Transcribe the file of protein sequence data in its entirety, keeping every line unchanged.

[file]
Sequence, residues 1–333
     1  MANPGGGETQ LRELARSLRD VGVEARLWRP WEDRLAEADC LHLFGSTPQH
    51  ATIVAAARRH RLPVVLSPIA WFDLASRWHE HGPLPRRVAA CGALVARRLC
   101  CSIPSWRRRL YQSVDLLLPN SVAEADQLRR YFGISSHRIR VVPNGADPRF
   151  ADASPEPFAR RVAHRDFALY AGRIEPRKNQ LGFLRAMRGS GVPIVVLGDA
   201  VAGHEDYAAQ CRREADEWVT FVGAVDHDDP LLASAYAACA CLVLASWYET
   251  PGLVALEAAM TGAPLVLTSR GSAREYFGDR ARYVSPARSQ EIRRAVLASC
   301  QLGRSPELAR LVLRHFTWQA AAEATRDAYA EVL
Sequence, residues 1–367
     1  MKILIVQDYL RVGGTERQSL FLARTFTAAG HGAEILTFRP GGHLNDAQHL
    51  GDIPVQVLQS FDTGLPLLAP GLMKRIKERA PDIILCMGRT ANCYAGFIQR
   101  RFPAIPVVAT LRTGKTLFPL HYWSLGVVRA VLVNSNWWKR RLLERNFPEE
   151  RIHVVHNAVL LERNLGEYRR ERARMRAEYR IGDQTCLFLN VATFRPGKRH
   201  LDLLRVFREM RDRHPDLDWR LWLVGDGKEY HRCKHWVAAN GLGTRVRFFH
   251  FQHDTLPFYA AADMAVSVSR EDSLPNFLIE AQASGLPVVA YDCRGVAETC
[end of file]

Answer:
Sequence, residues 1–333
     1  MANPGGGETQ LRELARSLRD VGVEARLWRP WEDRLAEADC LHLFGSTPQH
    51  ATIVAAARRH RLPVVLSPIA WFDLASRWHE HGPLPRRVAA CGALVARRLC
   101  CSIPSWRRRL YQSVDLLLPN SVAEADQLRR YFGISSHRIR VVPNGADPRF
   151  ADASPEPFAR RVAHRDFALY AGRIEPRKNQ LGFLRAMRGS GVPIVVLGDA
   201  VAGHEDYAAQ CRREADEWVT FVGAVDHDDP LLASAYAACA CLVLASWYET
   251  PGLVALEAAM TGAPLVLTSR GSAREYFGDR ARYVSPARSQ EIRRAVLASC
   301  QLGRSPELAR LVLRHFTWQA AAEATRDAYA EVL
Sequence, residues 1–367
     1  MKILIVQDYL RVGGTERQSL FLARTFTAAG HGAEILTFRP GGHLNDAQHL
    51  GDIPVQVLQS FDTGLPLLAP GLMKRIKERA PDIILCMGRT ANCYAGFIQR
   101  RFPAIPVVAT LRTGKTLFPL HYWSLGVVRA VLVNSNWWKR RLLERNFPEE
   151  RIHVVHNAVL LERNLGEYRR ERARMRAEYR IGDQTCLFLN VATFRPGKRH
   201  LDLLRVFREM RDRHPDLDWR LWLVGDGKEY HRCKHWVAAN GLGTRVRFFH
   251  FQHDTLPFYA AADMAVSVSR EDSLPNFLIE AQASGLPVVA YDCRGVAETC